Attorneys, Banks, And Financial Management – The IOLTA Account

Attorneys, Banks, And Financial Management – The IOLTA Account

Attorneys, Banks, And Financial Management – The IOLTA Account

Because lawyers often handle their clients’ money, settlement checks, or advance payments for court costs or other expenses, they must participate in the Interest on Lawyers’ Trust Accounts (IOLTA) program. This is true in the State of California as well as most other jurisdictions in the United States. Any attorney who handles client funds that are too small in amount or held too briefly to earn interest for the client must use an IOLTA account for such funds.

A lawyer who receives funds that belong to a client must place these funds in a trust account separate from the lawyer’s personal funds. Lawyers deposit client monies in an IOLTA account when the funds cannot otherwise earn enough income for the client greater than the cost of securing such income. The client receives the interest if the funds are sufficiently large or will be held long enough to generate net interest that is sufficient to be reallocated back to the client.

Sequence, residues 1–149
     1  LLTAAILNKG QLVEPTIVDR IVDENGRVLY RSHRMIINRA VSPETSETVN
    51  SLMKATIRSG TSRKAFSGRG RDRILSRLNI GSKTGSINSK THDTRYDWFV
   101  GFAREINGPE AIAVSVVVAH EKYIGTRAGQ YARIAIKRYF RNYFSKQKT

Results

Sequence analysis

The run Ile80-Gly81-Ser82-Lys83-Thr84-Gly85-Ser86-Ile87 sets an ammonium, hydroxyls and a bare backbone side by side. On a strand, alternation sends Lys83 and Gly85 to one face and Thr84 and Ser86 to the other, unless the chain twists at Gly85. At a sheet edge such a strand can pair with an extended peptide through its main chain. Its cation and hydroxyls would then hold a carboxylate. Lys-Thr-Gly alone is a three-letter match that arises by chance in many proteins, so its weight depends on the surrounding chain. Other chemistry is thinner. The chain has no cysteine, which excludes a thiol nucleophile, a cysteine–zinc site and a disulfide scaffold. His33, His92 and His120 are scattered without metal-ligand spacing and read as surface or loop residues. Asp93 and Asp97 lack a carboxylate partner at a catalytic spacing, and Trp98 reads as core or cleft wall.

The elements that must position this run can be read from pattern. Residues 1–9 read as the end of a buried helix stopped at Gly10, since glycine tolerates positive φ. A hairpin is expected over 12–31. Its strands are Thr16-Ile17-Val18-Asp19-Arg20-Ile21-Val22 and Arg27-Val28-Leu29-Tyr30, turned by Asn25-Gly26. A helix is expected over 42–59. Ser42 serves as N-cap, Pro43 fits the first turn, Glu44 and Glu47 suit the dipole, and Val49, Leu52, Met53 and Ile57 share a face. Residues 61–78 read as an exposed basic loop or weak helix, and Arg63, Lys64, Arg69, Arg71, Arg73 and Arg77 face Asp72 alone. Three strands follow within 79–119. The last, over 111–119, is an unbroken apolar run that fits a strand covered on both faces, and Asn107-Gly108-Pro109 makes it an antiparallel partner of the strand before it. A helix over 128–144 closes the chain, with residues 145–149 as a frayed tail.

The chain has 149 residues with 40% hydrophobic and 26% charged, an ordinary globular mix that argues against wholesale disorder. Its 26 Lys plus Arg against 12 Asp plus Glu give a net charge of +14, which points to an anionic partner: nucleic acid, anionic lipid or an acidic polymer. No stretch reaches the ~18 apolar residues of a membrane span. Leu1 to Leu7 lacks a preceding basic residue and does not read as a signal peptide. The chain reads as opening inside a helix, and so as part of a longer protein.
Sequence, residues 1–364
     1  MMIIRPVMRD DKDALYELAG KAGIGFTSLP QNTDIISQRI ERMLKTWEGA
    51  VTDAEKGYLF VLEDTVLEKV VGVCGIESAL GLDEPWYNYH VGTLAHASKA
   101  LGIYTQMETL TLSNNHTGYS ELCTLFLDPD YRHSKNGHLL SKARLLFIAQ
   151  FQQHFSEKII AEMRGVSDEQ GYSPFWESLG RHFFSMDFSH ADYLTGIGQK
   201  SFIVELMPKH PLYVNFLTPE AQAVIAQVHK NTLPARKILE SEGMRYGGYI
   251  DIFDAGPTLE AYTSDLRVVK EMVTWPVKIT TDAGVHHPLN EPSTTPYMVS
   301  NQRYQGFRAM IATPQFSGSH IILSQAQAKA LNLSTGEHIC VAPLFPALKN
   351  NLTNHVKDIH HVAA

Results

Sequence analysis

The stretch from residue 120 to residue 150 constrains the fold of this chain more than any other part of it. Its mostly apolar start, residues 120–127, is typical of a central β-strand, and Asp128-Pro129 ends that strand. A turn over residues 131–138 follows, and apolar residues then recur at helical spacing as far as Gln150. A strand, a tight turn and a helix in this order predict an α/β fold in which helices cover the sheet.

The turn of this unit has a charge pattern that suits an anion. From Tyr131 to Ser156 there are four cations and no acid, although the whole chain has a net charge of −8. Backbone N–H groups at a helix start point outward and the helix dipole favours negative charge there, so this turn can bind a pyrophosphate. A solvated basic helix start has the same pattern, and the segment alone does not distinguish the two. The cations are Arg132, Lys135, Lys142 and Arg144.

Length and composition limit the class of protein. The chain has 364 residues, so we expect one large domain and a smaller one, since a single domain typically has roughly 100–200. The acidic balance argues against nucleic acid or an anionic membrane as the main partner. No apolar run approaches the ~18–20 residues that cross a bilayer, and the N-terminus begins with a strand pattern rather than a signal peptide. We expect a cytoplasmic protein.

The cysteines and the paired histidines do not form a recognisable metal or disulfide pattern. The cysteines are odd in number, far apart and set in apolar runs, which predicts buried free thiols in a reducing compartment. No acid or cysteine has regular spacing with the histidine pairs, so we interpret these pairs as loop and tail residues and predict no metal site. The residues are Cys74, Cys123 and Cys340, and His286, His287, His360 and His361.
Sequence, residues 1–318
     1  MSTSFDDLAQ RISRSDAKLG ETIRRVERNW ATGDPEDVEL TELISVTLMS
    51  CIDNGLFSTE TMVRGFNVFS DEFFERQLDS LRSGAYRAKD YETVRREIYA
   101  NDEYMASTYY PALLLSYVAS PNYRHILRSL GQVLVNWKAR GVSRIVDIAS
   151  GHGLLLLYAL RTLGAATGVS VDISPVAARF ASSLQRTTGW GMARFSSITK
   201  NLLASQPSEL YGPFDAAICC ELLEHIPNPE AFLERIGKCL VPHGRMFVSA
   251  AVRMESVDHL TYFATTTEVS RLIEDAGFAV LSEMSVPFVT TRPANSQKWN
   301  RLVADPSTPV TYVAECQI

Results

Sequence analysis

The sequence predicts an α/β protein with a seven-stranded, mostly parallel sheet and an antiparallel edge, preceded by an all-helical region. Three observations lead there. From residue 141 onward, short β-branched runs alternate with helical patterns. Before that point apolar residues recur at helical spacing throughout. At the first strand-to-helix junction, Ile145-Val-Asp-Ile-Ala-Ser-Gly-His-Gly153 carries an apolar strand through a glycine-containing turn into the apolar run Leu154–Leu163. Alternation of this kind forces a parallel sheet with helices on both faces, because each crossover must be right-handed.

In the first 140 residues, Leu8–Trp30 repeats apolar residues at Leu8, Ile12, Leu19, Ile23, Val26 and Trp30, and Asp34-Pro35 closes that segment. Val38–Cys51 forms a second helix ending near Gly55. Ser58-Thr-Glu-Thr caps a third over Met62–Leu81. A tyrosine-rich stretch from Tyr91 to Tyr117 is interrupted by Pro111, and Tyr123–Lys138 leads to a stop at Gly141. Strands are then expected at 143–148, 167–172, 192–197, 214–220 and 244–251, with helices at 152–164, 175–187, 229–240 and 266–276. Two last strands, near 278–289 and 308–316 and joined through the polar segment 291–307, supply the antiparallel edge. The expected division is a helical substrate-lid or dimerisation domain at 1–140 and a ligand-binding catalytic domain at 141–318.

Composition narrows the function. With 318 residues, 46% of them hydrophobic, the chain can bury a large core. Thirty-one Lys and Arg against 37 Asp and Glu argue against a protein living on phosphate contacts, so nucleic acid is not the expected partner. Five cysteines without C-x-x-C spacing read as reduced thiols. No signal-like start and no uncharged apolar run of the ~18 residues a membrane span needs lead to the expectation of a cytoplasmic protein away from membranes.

Every state, including the District of Columbia and the Virgin Islands, operates an IOLTA program. In 2009, the U.S. IOLTA programs generated more than $ 124.7 million nationwide. Some state IOLTA programs are voluntary (attorneys have a choice to participate or to opt-out of participating), and other state IOLTA programs are mandatory, requiring attorney participation. Over 5,500 financial institutions participate in IOLTA by maintaining IOLTA accounts.

Interest from lawyer trust accounts is pooled to provide civil legal aid to impoverished individuals while also providing funding to support the betterment of the judicial system. These funds, along with public funding at both the state and federal levels, as well as private funding, enable nonprofit legal aid providers to assist low-income individuals with civil legal matters such as landlord/tenant issues, child custody disputes, and advocacy for the disabled.

Thus, IOLTA accounts provide an innovative and unique mechanism to increase access to justice for people living in poverty, thus improving the American justice system without taxing the public and at no cost to lawyers or their clients. The interest earned from pooled IOLTA accounts benefits nearly 100 nonprofit legal service organizations throughout California.

Attorneys must be prepared to satisfy clients regardless of the nature of the services provided. The CDTA provides the training that attorney-advocates require to meet the needs of clients in the 21st Century. At CDTA, we train, educate, and develop students to be exceptional attorneys and trial advocates. Call us today at (760) 342-0900 or find out more online here.